Quick look at Python 3's Starred Expressions

A starred expression is when you add a “*” in front of a variable. It can also be called “Extended Iterable Unpacking”

This has the effect of acting as a “catch all” for lists.

The idea behind this is to replace this “messy” line:

first, rest = li[0], li[1:]

It can be replaced with:

first, *rest = li

One interesting use-case is capturing both the start and the end of a list, and the list without those indexes:

li                  = [1, 2, 3, 4, 5]
start, *middle, end = li
print(start)   # outputs 1
print(middle)  # outputs [2, 3, 4]
print(end)     # outputs 5

Comparison between Starred Expressions and Indexing

Now lets have a look at the differences in the speed of each approach - Index vs starred expression.

Below is a graph showing the time it takes to complete 1000000 loops of each of the following snippets:

Normal Indexing


Stared Expressions

start, *middle, end = lst

Where lst is a list of integers from 1 -> n.

A compareson of Starred expressions vs list indexing

As you can see the Starred expression is a fair bit slower than using normal indexing. This is because the Starred expression does the following:

  • Collect all items for mandatory targets before the starred one
  • Collect all remaining items from the iterable in a list
  • Pop items for mandatory targets after the starred one from the list
  • Push the single items and the resized list on the stack


It is also important to note that while I have only talked about lists in this post, the expression can be used on any iterable, for example Sets where the index approach will not work:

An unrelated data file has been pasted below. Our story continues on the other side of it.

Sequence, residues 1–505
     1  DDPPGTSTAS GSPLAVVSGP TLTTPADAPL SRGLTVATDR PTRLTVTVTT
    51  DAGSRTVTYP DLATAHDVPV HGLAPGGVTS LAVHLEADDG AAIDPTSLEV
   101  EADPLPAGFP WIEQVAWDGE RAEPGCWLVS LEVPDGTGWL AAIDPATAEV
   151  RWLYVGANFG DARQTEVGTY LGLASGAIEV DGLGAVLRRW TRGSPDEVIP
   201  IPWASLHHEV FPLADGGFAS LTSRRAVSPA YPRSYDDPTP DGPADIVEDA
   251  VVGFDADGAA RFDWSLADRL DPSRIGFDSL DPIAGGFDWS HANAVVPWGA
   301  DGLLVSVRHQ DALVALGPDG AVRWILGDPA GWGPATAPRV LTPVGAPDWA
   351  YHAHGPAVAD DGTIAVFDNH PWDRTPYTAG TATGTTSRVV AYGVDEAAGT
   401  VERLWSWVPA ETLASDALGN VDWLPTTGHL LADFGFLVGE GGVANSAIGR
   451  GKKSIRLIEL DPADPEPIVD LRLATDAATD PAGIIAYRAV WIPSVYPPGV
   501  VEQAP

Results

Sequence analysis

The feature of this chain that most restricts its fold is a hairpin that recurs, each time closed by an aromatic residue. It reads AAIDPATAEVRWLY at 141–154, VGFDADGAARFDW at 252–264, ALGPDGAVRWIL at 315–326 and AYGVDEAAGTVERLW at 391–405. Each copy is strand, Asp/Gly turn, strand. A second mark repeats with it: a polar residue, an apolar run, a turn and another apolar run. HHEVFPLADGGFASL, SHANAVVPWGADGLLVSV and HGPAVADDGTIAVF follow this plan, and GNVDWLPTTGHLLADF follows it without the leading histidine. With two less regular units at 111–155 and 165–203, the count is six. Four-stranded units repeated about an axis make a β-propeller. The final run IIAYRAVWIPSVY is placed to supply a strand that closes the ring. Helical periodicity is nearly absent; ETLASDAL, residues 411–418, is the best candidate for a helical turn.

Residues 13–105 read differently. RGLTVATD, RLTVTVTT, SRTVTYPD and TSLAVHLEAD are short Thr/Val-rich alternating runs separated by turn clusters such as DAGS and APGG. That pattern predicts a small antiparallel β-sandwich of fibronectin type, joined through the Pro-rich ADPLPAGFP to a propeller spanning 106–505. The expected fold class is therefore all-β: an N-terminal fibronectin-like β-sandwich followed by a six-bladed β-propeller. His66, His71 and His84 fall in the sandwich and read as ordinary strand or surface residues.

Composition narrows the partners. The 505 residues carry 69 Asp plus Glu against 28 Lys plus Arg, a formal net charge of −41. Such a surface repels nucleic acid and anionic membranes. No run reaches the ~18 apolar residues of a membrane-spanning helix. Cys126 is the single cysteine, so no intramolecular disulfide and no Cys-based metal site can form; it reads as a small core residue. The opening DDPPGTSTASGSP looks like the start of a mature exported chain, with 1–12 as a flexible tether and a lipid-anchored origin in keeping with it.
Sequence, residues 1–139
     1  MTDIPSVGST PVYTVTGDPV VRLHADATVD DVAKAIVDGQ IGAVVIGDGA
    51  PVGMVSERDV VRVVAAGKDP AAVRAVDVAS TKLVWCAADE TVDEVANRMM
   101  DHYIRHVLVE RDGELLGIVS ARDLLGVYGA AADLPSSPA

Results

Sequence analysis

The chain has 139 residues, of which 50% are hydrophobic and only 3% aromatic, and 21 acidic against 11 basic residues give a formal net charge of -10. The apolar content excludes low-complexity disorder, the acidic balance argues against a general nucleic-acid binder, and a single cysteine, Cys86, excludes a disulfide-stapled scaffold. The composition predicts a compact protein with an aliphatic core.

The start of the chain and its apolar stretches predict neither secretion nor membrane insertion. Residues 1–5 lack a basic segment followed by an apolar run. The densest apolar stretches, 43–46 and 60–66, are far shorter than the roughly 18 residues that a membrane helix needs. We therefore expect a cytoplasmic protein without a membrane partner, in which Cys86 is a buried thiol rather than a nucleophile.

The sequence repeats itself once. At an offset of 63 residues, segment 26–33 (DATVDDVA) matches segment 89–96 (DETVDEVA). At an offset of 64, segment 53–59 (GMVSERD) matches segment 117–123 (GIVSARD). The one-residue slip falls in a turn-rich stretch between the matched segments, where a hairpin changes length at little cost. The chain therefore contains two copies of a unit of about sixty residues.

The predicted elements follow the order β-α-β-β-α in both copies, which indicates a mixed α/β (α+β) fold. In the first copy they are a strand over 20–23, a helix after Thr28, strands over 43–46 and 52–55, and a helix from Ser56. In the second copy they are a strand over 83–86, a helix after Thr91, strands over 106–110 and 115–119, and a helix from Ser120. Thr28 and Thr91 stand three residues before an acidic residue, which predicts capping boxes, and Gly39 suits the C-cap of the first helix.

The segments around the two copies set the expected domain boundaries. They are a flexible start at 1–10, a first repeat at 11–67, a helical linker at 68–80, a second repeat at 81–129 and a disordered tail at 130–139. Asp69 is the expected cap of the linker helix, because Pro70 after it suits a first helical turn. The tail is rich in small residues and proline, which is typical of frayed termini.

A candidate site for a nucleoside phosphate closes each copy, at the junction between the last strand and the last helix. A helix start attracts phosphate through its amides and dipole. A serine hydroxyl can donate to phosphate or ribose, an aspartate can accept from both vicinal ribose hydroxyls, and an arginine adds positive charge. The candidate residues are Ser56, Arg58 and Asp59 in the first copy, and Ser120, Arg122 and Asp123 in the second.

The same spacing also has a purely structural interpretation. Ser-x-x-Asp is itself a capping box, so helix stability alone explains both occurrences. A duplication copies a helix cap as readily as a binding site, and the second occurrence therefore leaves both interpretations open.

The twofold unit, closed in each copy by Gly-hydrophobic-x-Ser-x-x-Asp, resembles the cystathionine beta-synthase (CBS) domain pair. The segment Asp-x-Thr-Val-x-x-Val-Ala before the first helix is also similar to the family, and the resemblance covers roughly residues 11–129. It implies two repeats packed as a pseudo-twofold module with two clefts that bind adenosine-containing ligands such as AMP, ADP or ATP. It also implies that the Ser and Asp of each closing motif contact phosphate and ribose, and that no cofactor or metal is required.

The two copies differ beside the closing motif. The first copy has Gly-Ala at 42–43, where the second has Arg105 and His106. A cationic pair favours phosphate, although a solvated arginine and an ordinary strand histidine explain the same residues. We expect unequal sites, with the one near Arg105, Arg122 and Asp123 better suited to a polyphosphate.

m = set((1,2,3,4))[1:-1]
Traceback (most recent call last):
  File "<input>", line 1, in <module>
    m = set((1,2,3,4))[1:-1]
TypeError: 'set' object is not subscriptable
s, *m, e = set((1, 2, 3, 4))

The code to generate the graph is below:

import timeit
import numpy as np

from matplotlib import pyplot as plt

index_code   = "start=lst[0];middle=lst[1:-1];end=lst[-1]"
starred_code = "start, *middle, end = lst"
rst_index_x  = []
rst_index_y  = []
for x in range(10, 1010, 10):
rst_y = []
rst_x = []
for x in range(10, 1010, 10):
                          setup=f"lst=list({range(1, x)})")))
plt.plot(rst_y, rst_x, label="Starred Expression")
plt.plot(rst_index_y, rst_index_x, label="Normal Indexes")
plt.xlabel("List Length")
plt.ylabel("Time (s)")
plt.plot(rst_y, rst_x, label="Normal Indexes")
plt.legend(loc="upper left")

Note that exact timings are dependent on the machine running the code, and should only be used as a way to compare two approaches, your mileage may vary.

All in all Starred expressions are a interesting tool, they can make code look cleaner, and can be very powerful, they are however slightly slower than indexing and my not be best used in time critical applications when you can use indexing.